: java.lang.NoClassDefFoundError: com/sun/jersey/api/client/config/ClientConfig
  • –jars and –py-files as you can see, there is the hdp version in file names. Make sure you are using the proper one for you.
  • there is no –master option, this is handled in the script while building the SparkSession.

There is some doc from Hortonworks you can follow to go further: Integrating Apache Hive with Spark and BI.

Just before I posted this article, a new write-up appeared on Hortonworks.com to describe some use cases for the Hive-Warehouse-Connector.

Oops, I dropped my Hive Metastore database

The Hive Metastore (HMS) is backed up by a database (MySQL for us), which stores information about HDFS files, stats and more. Without this database, you have no Hive.

A few days ago, a DROP has been issued on the wrong server. Bye Bye metastore. What do you do then?

First things first, I looked at the backups. We had one from 3 hours before, so still quite recent. After it was restored I noticed that Hive worked, but not all data was present visible.

For context, our tables are ORC and transactional. As HDFS files cannot be updated, the way for ORC (and other DBs I know of) to manage transactions is to have a base directory as well as some deltas holding new changes. Reading such a table thus means reading the base directory and all the deltas to apply potential updates. As reading the deltas can become expensive, they are eventually compacted, in 2 possible ways. Quite often the deltas are squashed together (minor compaction for ORC) and once in a while, the base directory is fully rewritten to apply all the deltas (major compaction for ORC).

In my case, between the backup and the restore some new data had been added (new delta directories appeared) but no compaction happened.

This means that the HMS was completely ignoring all the new delta files, but was happily using all the files it knew about. I should add that I have a way to replay data of the last hours/days if needed. Once this was understood and confirmed, the fix was easy:


  1. Run a major compaction on all tables
    • All tables ended up consisting of one base directory (used and known by HMS) and a few delta directories ignored by HMS.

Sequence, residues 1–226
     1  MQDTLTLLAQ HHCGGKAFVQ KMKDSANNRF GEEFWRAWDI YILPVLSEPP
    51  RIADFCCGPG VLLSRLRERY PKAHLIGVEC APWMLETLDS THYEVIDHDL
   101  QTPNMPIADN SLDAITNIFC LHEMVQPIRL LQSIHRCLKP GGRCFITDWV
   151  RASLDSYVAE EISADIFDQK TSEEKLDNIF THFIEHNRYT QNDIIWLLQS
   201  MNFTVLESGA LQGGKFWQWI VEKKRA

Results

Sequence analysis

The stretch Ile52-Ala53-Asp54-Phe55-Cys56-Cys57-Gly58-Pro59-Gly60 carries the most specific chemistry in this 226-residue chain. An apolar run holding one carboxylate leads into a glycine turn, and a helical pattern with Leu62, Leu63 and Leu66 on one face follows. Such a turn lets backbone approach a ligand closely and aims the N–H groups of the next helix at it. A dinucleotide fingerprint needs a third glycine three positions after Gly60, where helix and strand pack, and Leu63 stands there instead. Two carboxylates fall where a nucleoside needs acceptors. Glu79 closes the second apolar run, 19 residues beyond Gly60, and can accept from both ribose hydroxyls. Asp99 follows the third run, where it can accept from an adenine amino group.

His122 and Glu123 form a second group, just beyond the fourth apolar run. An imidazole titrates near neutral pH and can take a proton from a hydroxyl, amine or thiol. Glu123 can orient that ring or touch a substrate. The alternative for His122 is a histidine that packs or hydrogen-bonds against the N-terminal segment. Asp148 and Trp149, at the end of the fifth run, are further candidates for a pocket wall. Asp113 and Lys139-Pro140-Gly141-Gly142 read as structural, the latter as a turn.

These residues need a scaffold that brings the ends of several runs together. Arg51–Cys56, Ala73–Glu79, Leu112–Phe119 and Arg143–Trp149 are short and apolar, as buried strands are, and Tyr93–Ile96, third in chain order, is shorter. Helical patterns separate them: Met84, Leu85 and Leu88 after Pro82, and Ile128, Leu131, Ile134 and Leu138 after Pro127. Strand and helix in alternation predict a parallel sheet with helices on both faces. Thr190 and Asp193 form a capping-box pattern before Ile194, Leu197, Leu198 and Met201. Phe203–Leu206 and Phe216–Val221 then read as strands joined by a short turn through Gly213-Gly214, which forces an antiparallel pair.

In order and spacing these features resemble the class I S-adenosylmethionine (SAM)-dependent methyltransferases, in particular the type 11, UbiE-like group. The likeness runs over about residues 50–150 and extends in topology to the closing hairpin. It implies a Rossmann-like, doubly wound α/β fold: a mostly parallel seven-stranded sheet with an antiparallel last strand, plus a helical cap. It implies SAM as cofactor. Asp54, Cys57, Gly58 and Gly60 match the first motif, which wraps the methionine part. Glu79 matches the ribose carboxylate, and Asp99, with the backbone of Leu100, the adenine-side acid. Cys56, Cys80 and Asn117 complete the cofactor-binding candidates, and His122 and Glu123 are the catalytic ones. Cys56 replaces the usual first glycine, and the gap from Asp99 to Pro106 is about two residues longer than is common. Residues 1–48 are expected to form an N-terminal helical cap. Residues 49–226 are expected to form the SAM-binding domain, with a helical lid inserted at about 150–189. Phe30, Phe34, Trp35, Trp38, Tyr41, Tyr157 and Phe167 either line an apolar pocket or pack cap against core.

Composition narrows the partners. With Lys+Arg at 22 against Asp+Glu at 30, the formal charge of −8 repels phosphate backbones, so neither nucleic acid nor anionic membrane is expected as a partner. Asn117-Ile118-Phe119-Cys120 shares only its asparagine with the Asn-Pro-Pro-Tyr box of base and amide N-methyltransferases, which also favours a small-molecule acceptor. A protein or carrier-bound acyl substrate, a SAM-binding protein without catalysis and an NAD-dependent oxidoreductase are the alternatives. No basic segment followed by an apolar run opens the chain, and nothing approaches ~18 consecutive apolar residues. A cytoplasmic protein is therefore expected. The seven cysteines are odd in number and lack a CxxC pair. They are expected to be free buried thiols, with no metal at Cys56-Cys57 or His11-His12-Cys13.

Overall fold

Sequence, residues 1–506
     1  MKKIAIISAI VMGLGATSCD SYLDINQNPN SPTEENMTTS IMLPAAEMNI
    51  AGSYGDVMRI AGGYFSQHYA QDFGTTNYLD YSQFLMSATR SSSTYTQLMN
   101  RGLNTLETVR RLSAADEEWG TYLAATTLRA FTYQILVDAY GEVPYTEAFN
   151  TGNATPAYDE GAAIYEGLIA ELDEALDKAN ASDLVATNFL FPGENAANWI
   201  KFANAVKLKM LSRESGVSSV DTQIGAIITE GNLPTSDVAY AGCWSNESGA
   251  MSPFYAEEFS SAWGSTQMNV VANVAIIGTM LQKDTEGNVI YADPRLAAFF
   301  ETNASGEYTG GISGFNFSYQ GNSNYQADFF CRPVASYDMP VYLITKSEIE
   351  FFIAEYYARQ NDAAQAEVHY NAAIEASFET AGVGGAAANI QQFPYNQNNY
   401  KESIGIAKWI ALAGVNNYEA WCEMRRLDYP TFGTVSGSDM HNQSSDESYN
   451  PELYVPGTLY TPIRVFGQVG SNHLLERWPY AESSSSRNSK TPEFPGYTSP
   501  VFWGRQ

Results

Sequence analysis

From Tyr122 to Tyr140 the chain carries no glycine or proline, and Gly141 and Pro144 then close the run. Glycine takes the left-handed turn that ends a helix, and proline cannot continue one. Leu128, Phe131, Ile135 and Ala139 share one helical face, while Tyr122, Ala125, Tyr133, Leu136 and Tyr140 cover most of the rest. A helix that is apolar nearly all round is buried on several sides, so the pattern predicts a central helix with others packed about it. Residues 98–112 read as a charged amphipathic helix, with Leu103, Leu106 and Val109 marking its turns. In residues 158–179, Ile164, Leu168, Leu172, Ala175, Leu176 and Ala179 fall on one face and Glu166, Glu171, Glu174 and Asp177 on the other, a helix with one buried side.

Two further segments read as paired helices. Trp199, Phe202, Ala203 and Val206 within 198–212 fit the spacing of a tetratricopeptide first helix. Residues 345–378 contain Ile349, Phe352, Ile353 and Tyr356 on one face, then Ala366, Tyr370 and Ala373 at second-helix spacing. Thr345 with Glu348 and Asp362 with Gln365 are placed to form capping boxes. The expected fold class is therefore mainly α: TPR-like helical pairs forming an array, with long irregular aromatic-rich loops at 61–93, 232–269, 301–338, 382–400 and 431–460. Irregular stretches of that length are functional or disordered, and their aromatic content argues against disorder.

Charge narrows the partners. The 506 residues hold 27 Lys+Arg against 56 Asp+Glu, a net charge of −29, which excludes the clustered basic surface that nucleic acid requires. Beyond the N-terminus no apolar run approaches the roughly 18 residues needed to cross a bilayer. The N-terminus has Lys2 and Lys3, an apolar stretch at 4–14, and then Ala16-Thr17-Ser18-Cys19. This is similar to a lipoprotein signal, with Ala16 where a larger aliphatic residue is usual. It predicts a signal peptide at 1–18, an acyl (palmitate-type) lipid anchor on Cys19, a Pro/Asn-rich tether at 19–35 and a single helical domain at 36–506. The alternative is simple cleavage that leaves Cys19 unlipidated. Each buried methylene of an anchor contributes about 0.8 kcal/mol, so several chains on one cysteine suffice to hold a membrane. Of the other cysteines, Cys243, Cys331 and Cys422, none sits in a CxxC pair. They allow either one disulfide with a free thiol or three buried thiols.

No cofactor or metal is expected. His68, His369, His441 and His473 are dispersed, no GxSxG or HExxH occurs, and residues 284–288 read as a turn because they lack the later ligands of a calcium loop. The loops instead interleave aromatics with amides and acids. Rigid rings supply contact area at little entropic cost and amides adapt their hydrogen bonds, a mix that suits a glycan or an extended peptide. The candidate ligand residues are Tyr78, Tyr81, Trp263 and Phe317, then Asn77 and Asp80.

2. Delete all remaining deltas
    • They were not used anyway.
  3. Replay my data
    • Hive was up to date again.

Of course, my tables are partitioned and compaction happens per partition so there was a bit of bash-fu to explicitly compact all partitions, then double check that all remaining deltas were created after the backup. Nothing too complex.

This worked because no compactions ran between restore and backup. A compaction would completely change the files on disk, and the HMS metadata would thus be completely out of sync with the actual files. I have no idea how I would have recovered that one.

On a side note, Hive hanged a few times with this error message in the log:

” (“NL_ID”, “EVENT_ID”, “EVENT_TIME”, “EVENT_TYPE”, “DB_NAME”, “TBL_NAME”, “MESSAGE”, “MESSAGE_FORMAT”) values(774946,774869,1543829236,’OPEN_TXN’,’null’,’ ‘,'{“txnIds”:null,”timestamp”:1543829236,”fromTxnId”

metastore.RetryingHMSHandler (RetryingHMSHandler.java:invokeInternal(201)) – MetaException(message:Unable to execute direct SQL java.sql.SQLInte
grityConstraintViolationException: Duplicate entry ‘774946’ for key ‘PRIMARY’

The fix was quite easy. Log into the metastore DB, remove the offending row from NOTIFICATION_LOG, and update the sequence (NOTIFICICATION_LOG_SEQUENCE table) to the maximum value of NL_ID in NOTIFICATION_LOG + 1. The NOTIFCATION_LOG table has something to do with compactions, and as you compacted all tables anyway old values do not matter much.

What is the takeaway? Compactions are run dynamically by Hive. It would be smart to keep an eye on them, and when some happened to run a backup just after. At least you would still be able to partially recover consistent recent enough data.